Lincolnshire Co-operative: supporting local libraries by building community hubs

The third of our Big Debate case studies looking at how co-ops can step up to solve problems in their communities

Lincolnshire Co-operative has been involved with education in its local community ever since it opened Lincoln’s first reading room in 1873. It now runs three libraries, alongside its food stores, pharmacies and post offices.

What is the social issue?

As austerity measures tightened in 2015, Lincolnshire County Council handed 30 libraries to volunteers to make savings of £2m. The move was not without controversy, with residents taking the council to the High Court and over 22,000 people signing a petition against the closures.

Lincolnshire Co-op took no part in the discussion surrounding the future of the libraries but, once the process was over, it offered to take on five libraries where it had space for them. Three of these were taken up.

Related: The Big Debate – how co-ops show concern for communities

“We have always understood that access to information was an important part of people being able to fulfil their potential,” says chief executive Ursula Lidbetter.

How is Lincolnshire Co-op helping?

When the future of the libraries was being debated, the co-op received letters from some of its members. “They knew they weren’t taking sides but were willing to help if the outcome was that libraries run by volunteers were the way forward,” says Ms Lidbetter.

The libraries are at the the society’s pharmacy and post office site in Bar Lane, Waddington; its Spilsby Food Store on Post Office Lane; and on Fleet Street, Holbeach, sharing space with the pharmacy and post office.

Facilities include self-service machines, people’s network computers, dedicated helplines linking to Lincolnshire County Council’s customer services team and thousands of books.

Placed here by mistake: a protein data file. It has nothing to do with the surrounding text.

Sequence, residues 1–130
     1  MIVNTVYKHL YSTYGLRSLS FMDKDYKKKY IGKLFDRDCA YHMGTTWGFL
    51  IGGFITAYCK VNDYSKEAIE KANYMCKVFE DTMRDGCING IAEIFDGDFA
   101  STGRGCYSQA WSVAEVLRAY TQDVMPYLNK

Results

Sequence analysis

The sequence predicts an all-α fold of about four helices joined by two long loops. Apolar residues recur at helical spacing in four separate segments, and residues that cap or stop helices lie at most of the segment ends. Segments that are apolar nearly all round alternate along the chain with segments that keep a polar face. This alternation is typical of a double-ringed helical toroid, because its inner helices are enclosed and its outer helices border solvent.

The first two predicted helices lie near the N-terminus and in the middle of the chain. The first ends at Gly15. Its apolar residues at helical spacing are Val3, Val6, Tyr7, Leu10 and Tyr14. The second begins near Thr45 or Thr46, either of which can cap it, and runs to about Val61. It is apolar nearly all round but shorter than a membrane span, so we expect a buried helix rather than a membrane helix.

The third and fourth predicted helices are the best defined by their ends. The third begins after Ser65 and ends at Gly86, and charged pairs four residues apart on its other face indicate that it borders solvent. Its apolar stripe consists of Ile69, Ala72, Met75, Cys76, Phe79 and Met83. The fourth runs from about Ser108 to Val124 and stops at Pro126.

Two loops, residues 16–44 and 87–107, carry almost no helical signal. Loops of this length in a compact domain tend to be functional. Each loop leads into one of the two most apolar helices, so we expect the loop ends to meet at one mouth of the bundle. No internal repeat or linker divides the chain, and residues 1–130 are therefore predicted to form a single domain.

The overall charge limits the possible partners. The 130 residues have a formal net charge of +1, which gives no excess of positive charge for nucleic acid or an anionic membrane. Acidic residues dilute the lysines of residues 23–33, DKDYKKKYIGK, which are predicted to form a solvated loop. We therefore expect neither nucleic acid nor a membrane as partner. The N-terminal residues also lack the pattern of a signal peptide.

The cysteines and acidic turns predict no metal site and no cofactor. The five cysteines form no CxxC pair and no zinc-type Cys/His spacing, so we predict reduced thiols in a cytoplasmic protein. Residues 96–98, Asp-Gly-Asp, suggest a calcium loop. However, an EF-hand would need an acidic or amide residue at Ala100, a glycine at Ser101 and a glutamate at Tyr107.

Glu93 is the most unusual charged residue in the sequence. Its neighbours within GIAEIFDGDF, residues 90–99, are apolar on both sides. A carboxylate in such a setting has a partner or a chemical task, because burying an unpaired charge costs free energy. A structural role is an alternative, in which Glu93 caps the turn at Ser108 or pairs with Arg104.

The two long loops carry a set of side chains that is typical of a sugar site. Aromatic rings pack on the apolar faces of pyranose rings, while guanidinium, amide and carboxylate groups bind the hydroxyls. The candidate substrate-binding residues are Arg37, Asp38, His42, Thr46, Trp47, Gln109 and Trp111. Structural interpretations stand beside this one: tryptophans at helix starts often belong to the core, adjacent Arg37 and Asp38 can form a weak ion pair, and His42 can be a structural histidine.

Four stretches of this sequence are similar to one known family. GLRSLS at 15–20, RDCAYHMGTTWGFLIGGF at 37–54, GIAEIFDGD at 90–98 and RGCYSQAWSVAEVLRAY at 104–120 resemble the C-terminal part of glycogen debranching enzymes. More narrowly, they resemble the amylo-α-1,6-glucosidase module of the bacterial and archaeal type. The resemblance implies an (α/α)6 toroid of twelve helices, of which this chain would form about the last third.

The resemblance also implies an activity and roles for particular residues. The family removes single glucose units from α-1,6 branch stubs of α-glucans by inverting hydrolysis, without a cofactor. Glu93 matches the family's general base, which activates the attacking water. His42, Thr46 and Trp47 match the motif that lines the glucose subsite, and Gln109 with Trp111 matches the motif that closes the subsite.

The library at the society’s Holbeach store

The libraries are run by volunteers but supported by Lincolnshire Co-operative’s staff from its food, pharmacies and post offices on site. Co-op colleagues help with tasks such as opening and closing libraries, supporting the volunteers, liaising with the volunteer coordinator, supporting library users, and banking duties.

The co-op invested £35,000 in each library to set them up, and the council provides around £5,000 per year towards the running cost of each library and offered one-off grants of £15,000 for changes to buildings or equipment.

What is the impact?

Since opening under the Lincolnshire Co-op, the libraries have tripled the number of users.

Support from the co-op’s staff helps libraries run for longer hours – Holbeach Library is open 50 hours a week, as opposed to 18 when it was run by the council. In its first week after opening, Holbeach Library had 824 visitors and 601 books issued. The number of new members joining the library has also increased from five a week to 62 a week.

What is the key to success?

“We think of Lincolnshire Co-operative as not just of providing our services but actually supporting other services as well,” said Ms Lidbetter. “Our vision is that together we are providing and supporting valued services. Supporting the library is an end in itself.”

“It has had a positive effect on our staff, who recognise the support for the library is a way of supporting our organisation,” she added. “Another benefit is that all of our volunteers are local people from the community and it is important to us to keep close to our communities.”

Community groups such as Home Start, district councils, Rotary clubs and pre-schoolers can use the library for meetings. The co-op’s funeral division also hosted funeral help coffee mornings as part of the Dying Matters Awareness Week.

Ms Lidbetter emphasises the need to involve everybody in the initial discussion; Lincolnshire Co-operative engaged with the mutual Greenwich Leisure (GLL), which is now running the back office for the libraries of Lincolnshire, as well as the volunteers, the local community and the co-op’s staff.

“It’s important that right from the beginning you understand all those people and get their views to suit everybody’s requirements rather than imposing it. It’s suitable for a co-op approach,” she said.

  • If you’re attending this year’s Co-op Congress in Wakefield, join us for our Big Debate on Friday 30 June at Unity Works (2.30pm) or read the report after the event:
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